From the Rajiv Awas Yojana to the Land Acquisition Bill, with several key policy changes on the anvil, these are testing times for the National Housing Bank (NHB) dedicated as it were to promoting inclusive expansion with stability in the housing finance market within the overall financial system. Realty & More’s editor Palash Roy spoke to RV Verma, Chairman and Managing Director, NHB, on recent changes, their implications, NHB’s future plans and prospects in a free-wheeling chat. Excerpts from the interview:
PR : The Union Cabinet has approved the Rajiv Awas Yojana and the continuation of the Affordable Housing in Partnership scheme. How do you view on this? How far would it go to boost the realty sector?
RV : Definitely it would boost the sector. It can have a huge impact and it would have nationwide impact and visibility. It would be particularly good for the economically weaker sections. Low income housing will definitely give a big boost to the sector, and under RAY (Rajiv Awas Yojana) as you know, the effort is also to remove slums and mitigate slum dwelling in urban areas, so these will have far reaching effects. If implemented through the banking institutions and the housing finance companies, the reach and the depth of the financial market can be quite huge. Moreover, if the scheme is primed at channelising subsidies to these institutions also, who combine it with loans, there would be a vast improvement in both availability of funds to the sector, as well as affordability because of the subsidy component.
PR : Your take on Land Acquisition Bill passed by the Parliament?
RV : A lot has been spoken about the Land Acquisition Bill, both positive and negative. Taking everything into account, I think it would certainly generate more confidence amongst all the stake holders. It is possible that the initial impact on the compensation which proposed under this will lead to more supply of land and on a more consistent basis, litigation will be minimised. Upfront, there may be some kind of pricing issue in the beginning itself, but that I think will get neutralised by the fact that more land will come into the market, more steady supply would be there, and once the various provisions of the Bill get settled down, and is understood by all the
parties in the same language, I think the land market will get more streamlined, there will be more flow of land, more supply of land.
PR : But supply of land would take a long time and the entire process of acquisition would get delayed, and also the land prices would increase 3-4 times?
RV : That’s what the critics have been saying. It’s likely that there would be some impact on prices. I am not ruling that out, I am not saying that there would be no impact on price. But it would take some time in understanding the nuances of it, but once the provisions get somewhat more normalised or become routine, the real benefit will start flowing into the sector. Initially it is possible that getting 80% people on-board may take time. There are different categories, there are certain projects to be taken up by the public agencies and the government itself, certain projects by the private sector, and certain projects under PPP. The provisions under these three formats also vary, and that’s being taken into account considering the strengths and weaknesses of the different sectors – public sector, private sector, or the government agencies, and the overall public interest. So public interest has been kept in view right throughout the various provisions of the Bill. We would think that eventually once the scheme gets going, there will be more streamlining and smoothening of the whole processes. Approvals initially may take time, getting 80% of the people, their willingness may take time, but once achieved, the momentum on the project can really gather steam.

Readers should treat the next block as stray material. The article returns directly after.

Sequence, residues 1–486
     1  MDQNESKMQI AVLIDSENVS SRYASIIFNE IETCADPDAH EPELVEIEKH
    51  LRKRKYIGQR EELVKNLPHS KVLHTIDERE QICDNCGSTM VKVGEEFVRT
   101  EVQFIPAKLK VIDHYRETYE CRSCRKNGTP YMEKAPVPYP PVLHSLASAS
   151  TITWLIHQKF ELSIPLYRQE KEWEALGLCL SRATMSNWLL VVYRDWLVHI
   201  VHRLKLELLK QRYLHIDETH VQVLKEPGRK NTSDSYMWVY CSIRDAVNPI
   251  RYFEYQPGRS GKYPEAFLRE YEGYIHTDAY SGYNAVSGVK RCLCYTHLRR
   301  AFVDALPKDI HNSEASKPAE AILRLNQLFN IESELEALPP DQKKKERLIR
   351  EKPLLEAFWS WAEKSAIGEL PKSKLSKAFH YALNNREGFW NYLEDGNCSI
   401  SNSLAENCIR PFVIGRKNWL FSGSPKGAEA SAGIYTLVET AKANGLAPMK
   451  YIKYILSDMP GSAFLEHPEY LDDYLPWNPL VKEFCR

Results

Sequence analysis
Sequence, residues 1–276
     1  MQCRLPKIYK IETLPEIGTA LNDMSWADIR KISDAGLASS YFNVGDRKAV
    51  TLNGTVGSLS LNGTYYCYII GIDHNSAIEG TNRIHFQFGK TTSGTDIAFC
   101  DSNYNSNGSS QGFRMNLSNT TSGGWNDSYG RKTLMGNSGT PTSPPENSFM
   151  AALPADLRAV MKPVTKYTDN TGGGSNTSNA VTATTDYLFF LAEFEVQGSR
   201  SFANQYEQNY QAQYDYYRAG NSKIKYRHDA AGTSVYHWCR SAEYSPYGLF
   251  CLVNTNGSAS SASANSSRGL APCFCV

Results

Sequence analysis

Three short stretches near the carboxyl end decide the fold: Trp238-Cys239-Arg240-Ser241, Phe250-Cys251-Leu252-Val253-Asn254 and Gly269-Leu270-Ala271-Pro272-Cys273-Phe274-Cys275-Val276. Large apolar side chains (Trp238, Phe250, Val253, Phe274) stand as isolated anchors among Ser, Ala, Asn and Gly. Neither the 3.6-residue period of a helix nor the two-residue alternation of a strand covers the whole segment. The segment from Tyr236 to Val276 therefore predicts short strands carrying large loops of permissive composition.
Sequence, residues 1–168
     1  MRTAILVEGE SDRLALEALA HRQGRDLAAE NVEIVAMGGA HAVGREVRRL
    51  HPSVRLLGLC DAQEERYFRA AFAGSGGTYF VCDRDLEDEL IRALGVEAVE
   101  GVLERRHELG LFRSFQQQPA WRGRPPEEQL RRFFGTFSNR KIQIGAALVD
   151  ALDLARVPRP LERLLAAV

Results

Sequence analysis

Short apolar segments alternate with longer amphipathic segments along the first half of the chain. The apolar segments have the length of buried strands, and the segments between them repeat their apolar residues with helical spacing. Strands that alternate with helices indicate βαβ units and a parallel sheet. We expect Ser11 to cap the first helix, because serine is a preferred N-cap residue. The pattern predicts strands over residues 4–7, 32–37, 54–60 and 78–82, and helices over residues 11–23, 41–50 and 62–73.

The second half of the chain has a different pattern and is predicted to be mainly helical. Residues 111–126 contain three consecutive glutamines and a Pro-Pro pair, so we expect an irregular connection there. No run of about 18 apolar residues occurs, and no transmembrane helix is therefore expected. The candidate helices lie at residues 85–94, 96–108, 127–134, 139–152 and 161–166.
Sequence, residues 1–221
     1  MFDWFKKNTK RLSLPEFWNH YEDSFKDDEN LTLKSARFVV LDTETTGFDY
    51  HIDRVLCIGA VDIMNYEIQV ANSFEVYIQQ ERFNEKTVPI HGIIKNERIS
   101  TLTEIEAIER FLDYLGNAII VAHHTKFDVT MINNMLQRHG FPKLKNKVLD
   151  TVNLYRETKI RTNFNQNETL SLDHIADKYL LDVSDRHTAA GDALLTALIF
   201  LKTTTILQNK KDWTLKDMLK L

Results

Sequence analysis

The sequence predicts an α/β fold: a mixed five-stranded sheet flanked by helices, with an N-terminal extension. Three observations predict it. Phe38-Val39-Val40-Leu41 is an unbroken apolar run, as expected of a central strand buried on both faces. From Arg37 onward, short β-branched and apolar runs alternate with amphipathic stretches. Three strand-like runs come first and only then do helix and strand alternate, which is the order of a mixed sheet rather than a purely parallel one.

PR : RBI has recently expressed its reservation against the 80:20/75:25 home loan schemes offered by banks. Don’t you think retail borrowers will now face problems in getting loans and buying a house?
RV: This is a very timely intervention by the RBI. I think it will generate more stability in the market. It will certainly generate more sense of responsibility and more sense of prudence amongst the lending institutions. The changes may take some time to really settle down for all the stake holders to accept it fully. But again, let me qualify it by saying that it was not a very widely prevalent mechanism or arrangement. It was happening only in certain segments of the market and with certain lending institutions. It is not in such a large scale as to become a systemic issue. Having said that, I think borrowers will now feel much more safer, because we know borrowers have become educated and they know the mechanics of construction, loan releases, etc. They would feel more confident and protected that all their money is not being put in the hands of the agency or construction agency, whose projects hasn’t come up yet. So they will feel in a way much safer and the risk perception of the lenders will also be reduced, as a result of which it is possible that the lenders may be able to give them loans at a lower rate of interest also, as compared to what they were giving earlier. So overall it will have a very positive effect on the sentiments of the buyers and the borrowers, as well as the lenders. They will have to come to terms with it and that may take a little time. This entire amount upfront was given to the builder not to the borrower, so in any case if the loan is sanctioned to the borrower, it will come to the borrower, but that has to be linked to the stage of construction, which is a very prudent sort of an approach, and which the RBI has reinforced. This should have been followed naturally by the market.